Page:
By Lena Onchwari
Groundbreaking in many ways the Finance Act, 2015 (the Act) has had an impact on several sectors of the Kenyan economy. For instance, the statute has introduced a new tax known as “residential rental income tax” by inserting a new Section 6A in the Income Tax Act (Cap 470).
Residential rental income tax is now payable by any resident person (either individual or company) from income which is accrued in or derived from Kenya for the use or occupation of residential property, which does not exceed KES 10 million in a year. Landlords who wish to remain in the pre-existing tax regime (before the introduction of the residential rental income tax) can elect in writing to the Commissioner General of Kenya Revenue Authority(KRA), to be taxed under the normal tax rates.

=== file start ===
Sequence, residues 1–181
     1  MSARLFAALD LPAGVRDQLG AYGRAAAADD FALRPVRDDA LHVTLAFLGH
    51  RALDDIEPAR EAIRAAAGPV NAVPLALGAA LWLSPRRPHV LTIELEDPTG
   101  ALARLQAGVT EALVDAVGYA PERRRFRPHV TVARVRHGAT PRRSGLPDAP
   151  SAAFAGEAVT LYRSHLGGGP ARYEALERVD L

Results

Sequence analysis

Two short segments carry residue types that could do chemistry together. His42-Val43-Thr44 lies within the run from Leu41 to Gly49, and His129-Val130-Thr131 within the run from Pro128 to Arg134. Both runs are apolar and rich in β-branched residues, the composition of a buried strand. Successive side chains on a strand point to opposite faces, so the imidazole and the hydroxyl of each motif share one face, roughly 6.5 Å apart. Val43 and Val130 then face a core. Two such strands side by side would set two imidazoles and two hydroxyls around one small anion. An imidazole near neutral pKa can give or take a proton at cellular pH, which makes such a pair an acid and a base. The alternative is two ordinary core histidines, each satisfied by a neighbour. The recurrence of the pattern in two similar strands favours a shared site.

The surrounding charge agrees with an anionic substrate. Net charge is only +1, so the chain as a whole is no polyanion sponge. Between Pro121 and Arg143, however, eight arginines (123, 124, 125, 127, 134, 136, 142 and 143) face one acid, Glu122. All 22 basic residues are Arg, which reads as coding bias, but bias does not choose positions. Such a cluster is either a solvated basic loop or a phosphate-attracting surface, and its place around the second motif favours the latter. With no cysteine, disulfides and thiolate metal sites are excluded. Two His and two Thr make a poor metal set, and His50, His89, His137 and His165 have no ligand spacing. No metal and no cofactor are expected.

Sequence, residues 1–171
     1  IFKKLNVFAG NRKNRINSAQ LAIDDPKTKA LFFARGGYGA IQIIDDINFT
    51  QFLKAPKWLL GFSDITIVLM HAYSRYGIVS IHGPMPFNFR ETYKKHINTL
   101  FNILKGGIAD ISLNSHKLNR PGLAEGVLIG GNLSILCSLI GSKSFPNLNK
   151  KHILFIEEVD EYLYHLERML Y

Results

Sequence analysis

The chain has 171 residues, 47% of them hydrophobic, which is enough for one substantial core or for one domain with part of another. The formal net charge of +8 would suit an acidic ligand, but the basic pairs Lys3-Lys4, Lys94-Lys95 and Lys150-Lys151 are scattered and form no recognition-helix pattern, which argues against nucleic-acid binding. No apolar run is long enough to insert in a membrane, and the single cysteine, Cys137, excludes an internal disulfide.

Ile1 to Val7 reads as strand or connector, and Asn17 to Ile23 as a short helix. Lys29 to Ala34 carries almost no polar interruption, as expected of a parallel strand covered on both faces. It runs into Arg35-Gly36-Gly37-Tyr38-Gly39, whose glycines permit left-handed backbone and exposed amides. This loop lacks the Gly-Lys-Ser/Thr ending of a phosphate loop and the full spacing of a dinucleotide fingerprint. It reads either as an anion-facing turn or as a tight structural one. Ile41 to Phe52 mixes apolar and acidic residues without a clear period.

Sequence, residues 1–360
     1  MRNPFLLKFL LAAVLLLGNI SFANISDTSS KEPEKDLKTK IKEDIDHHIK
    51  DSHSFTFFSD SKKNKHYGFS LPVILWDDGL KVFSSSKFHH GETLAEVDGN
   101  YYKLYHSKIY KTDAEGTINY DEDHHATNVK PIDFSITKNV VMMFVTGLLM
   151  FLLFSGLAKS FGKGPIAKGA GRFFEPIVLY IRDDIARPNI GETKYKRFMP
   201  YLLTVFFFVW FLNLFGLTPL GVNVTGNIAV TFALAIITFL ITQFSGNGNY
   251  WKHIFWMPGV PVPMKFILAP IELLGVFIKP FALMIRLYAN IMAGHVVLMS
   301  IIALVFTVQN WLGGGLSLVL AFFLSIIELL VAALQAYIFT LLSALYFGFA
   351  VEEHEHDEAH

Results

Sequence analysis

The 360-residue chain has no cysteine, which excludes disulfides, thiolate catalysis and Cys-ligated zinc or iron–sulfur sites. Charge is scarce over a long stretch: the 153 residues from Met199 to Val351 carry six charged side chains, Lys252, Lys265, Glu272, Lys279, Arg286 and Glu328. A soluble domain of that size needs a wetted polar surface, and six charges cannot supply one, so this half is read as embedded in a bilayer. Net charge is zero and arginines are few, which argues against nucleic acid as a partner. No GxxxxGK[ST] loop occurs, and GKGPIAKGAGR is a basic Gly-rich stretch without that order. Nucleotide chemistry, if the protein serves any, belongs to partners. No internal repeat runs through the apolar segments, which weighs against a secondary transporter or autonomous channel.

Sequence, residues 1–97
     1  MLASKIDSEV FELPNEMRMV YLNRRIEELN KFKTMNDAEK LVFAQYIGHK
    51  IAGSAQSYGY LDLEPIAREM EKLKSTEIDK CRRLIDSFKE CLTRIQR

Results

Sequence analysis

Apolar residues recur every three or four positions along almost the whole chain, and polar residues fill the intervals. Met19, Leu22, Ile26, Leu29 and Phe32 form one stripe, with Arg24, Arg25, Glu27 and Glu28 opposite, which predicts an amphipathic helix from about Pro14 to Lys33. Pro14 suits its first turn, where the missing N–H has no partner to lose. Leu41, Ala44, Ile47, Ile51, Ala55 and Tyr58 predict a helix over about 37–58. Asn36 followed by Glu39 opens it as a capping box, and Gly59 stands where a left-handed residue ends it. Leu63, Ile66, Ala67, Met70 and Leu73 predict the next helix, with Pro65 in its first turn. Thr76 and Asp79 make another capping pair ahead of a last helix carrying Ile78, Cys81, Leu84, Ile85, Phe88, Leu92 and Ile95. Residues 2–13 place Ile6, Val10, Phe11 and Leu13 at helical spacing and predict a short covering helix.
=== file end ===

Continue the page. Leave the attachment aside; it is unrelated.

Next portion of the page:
The new residential rental income tax will be payable at the rate of 10% on gross rent received with effect from 1st January, 2016 and applies to rental income received from January, 2016. It is for this reason that KRA has given a deadline of the end of March 2016, requiring landlords to pay the residential rental income tax due on the rental income received from January, 2016, failure to which KRA will issue an estimated residential rental income tax assessment from the property information available and take various enforcement measures provided in the law.
The Finance Act, 2015 also inserted a new Section 123C. This new section effectively gives landlords a 100% amnesty on principal taxes, penalties and interest for the year 2013 and prior periods. In addition, landlords will get an amnesty on penalties and interest for the years 2014 and 2015. However, in order to be entitled to this amnesty, landlords have to file returns and pay taxes for the years 2014 and 2015 on or before 30th June 2016.